As parents, we want our children to feel loved and secure. We want them to have confidence. To have friends. To be happy. But what should we do when we find out that they are not happy.
I was short and skinny child with brown eyes, thick eyebrows and short brown hair. The minute my hair started to get longer, I was taken to the hairdresser to have it cut. I didn’t have a choice in this. I felt like I looked like a boy. I felt ugly.
Although I participated in many extra-curricular activities, I was mostly always a loner at school. I never really quite ‘fit in’. I was never in the popular crowd. Even as far back as grade one, playing a game of hide and seek with my classmates, I went to ‘hide’ and was never found. I was in the middle of the playground crouching behind some kind of playground equipment. Eventually a teacher came along and asked if I was alright. At this moment I realised that the game had finished. Everyone had moved onto something else. I was alone. I had been forgotten. Or maybe I was never really included in the game.
When I was 10, I had a birthday party. Quite a few people from my class were invited. Only two people from my class sent back the rsvp and only one person actually came. Luckily for me, mum had invited my cousins and a couple of her friends had kids and they came too. Mum had made an awesome cake for me. I got some cool presents. I had fun. But there was something I was feeling – deeper under the surface – that I never talked about. Something that I was sad about. I wasn’t good enough. I wasn’t pretty enough. I would never be popular.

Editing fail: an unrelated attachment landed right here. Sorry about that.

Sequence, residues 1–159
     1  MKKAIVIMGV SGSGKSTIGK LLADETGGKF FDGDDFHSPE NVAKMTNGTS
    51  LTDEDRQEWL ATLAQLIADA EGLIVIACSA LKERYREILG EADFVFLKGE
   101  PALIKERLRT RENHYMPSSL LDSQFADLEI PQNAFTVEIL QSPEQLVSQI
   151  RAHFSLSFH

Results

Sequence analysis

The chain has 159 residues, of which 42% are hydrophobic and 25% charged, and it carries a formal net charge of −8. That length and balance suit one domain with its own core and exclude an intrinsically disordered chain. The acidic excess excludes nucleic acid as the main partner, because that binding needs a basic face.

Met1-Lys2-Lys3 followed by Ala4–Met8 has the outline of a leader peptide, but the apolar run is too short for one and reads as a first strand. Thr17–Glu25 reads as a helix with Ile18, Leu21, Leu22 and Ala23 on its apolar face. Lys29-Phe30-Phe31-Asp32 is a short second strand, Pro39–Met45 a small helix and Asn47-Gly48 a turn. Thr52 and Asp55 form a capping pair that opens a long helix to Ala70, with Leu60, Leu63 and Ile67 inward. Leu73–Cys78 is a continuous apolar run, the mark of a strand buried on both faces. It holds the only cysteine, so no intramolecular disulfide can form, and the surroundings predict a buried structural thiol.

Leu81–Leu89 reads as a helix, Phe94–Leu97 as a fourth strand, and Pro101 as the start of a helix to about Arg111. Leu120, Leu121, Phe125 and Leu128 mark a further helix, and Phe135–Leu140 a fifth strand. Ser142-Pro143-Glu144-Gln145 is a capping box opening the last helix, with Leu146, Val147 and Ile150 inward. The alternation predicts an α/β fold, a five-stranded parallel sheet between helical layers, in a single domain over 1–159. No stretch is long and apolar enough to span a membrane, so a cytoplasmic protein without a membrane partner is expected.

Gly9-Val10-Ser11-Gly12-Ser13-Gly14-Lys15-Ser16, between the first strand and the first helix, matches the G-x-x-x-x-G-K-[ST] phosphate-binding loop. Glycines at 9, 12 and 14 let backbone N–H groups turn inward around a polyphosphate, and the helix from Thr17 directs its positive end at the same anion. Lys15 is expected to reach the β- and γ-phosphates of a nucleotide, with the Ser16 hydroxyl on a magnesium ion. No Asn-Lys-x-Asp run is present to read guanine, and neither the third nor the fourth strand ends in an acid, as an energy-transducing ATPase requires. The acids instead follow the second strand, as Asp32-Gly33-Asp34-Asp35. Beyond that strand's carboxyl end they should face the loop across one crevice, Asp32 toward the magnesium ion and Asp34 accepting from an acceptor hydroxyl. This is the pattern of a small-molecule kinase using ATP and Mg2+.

Over the course of primary school, I had a couple of close friends. They were never part of the popular group either.
Once I got to high school, things changed a lot. I was still ‘ugly’ and skinny, flat chested, with short brown hair and thick eyebrows. But I was thrown into a new group of people and for the first time ever, I had a group of friends. I wasn’t in the popular group by a long shot, but I had a group of friends and it felt great. I felt like I belonged.
Then about half way through grade 8, one day, I was ‘out’. I tried to join in with my friends and I was told I was out of the group. Just like that. With no warning. Needless to say I was devastated. I went home that night and cried about it.